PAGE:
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How to force spring bulbs for Christmas

Crocus, Tulips, Iris, Amaryllis and Lily of the Valley

tulips in January
Just two days after the image below two of the tulips are already past their prime. They're beautiful and colourful but fleeting, January 7th 2010.
  tulips crocus hyacinth in bloom in January

Tulips, Crocus and Hyacinths in bloom January 5th 2011


My first tulip is in bloom today 2 January, pictured left. And then just 3 days later more are in bloom, above.

These Crocus Spring Beauty (below) are continuing to bloom although the flowers are quite short-lived.

  28 December 2010


My tulips didn't quite make it in time for Christmas but the ones in the pot below are almost ready to burst into bloom and one of the ones in a vase is not far behind. The other two in vases are much smaller but do have good root development. Still not sure what one uses to force a tulip in water as there aren't many vases about of the correct size but I'll just have to keep an eye out for more. The truffle bottle below (truffle jar ? not sure of the best term) works well and looks like a hyacinth vase only smaller.

I also wasn't sure of when to bring the tulips into the light. I know what a hyacinth looks like now when the flower is out of the bulb but wasn't confident of what a tulip looks like when it's ready. I'll have to see how the two below do.

forcing tulips for Christmas in pots and vases
  I thought these small crocus (below) were supposed to bloom earlier than the large Dutch crocus (purple and white farther below) but I only have these two in bloom so far.
crocus Spring Beauty in bloom just after Christmas
white crocus in bloom just after Christmas
  13 December 2010
  I have one beautiful purple crocus in bloom in a vase and a few others doing very well which I think will bloom by Christmas. I also have some hyacinths bursting into bloom. I never thought they'd be this early - almost too early. I want them in bloom on Christmas day!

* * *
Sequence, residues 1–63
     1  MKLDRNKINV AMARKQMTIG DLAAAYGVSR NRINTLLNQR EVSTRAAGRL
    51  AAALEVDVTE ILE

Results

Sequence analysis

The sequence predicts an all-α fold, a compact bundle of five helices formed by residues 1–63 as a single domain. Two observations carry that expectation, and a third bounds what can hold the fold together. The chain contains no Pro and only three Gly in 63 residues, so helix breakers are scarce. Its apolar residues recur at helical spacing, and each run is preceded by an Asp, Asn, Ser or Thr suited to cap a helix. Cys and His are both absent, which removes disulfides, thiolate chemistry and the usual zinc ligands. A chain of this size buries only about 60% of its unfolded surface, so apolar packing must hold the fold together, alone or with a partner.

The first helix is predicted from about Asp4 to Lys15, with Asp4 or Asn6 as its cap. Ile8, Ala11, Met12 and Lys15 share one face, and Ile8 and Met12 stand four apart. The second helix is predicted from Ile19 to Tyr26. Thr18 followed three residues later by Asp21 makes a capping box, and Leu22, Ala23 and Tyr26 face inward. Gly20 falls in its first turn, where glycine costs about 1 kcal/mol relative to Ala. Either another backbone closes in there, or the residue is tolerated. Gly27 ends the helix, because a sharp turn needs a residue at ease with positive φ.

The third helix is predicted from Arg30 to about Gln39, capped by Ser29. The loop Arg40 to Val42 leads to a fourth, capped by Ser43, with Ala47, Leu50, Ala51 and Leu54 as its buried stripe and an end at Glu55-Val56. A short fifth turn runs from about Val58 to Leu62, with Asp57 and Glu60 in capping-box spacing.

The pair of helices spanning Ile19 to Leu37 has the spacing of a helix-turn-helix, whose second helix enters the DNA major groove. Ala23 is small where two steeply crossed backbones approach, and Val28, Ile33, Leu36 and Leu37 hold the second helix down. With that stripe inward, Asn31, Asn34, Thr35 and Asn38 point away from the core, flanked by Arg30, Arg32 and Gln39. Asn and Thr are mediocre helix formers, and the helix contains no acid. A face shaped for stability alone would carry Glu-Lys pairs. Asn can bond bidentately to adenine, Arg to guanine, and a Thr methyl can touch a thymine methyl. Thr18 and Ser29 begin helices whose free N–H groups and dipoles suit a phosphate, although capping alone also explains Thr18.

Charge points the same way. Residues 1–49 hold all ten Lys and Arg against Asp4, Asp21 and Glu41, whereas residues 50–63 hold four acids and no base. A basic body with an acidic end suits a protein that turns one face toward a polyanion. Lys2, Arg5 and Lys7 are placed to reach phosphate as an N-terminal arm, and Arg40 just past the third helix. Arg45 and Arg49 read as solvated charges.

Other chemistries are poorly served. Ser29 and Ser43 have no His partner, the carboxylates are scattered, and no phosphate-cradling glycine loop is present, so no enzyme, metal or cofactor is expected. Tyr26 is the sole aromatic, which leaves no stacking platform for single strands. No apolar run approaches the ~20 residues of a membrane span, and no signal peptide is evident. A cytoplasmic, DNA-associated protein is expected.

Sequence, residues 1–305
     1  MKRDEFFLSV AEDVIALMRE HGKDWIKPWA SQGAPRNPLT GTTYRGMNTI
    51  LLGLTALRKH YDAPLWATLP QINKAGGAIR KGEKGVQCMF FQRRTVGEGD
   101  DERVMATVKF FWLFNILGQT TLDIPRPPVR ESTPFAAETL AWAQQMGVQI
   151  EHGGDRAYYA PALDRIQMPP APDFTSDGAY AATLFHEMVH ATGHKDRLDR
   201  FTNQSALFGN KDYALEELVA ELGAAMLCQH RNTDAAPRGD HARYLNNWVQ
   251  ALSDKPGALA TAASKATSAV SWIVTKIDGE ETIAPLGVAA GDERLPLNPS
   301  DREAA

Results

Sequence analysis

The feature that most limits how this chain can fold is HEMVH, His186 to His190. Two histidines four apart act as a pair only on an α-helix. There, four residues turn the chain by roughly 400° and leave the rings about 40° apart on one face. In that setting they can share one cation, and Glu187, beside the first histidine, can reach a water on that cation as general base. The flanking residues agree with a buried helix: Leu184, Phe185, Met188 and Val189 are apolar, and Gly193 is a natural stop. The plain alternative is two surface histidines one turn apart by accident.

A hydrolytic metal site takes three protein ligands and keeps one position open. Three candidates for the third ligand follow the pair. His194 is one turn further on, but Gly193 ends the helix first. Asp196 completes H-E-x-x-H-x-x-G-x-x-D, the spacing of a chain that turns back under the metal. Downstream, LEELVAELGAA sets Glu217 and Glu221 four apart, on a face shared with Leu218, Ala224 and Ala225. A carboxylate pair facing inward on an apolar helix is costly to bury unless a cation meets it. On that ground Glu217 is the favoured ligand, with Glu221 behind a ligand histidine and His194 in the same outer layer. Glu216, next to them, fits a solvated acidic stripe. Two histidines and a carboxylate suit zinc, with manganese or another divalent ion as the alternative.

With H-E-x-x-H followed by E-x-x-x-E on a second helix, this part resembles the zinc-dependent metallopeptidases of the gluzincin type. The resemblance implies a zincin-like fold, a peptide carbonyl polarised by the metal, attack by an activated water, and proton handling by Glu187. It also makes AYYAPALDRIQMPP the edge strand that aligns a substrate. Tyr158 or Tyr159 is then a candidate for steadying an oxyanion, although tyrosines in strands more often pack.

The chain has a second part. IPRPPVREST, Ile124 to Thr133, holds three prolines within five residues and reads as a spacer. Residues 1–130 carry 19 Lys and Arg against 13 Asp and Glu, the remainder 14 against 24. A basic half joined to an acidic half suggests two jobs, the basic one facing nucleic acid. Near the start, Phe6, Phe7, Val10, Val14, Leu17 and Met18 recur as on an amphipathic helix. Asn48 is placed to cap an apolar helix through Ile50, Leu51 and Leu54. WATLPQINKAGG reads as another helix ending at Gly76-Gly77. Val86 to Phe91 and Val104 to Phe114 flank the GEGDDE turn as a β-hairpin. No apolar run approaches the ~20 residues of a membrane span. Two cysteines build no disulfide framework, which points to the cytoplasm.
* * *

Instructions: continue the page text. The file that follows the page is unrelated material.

8 December 2010
  I never thought I'd have a crocus in bloom in December, let alone this early, but this week the first crocus flower appeared. It's rather small but the first of many I hope.
crocus in bloom
a variety of forced crocus growing in water in vases and in pots

I went a little mad with the crocus this year as the images above and below show. The image below shows another bud on one of the bulbs in the white "basket" pot. The conditions in that must be good. I will try taking some more photos as these have turned out rather dark, as the BBC weather said we were due for "white cloud" all day - and we got it!

more forced crocus growing in water in vases and in pots

All the Shorter flower troughs are up from the cellar. Some are doing better than others. The crocus bulbs in the gravel are looking good and seem to be coping with the small container. The roots of the bulbs in the two troughs with bulb fibre have pushed the bulbs right up and out of the trough. I am going to try to anchor them in with some gravel on top.

The iris in the 4th trough looks happy enough but I've never grown this variety before so still awaiting the results.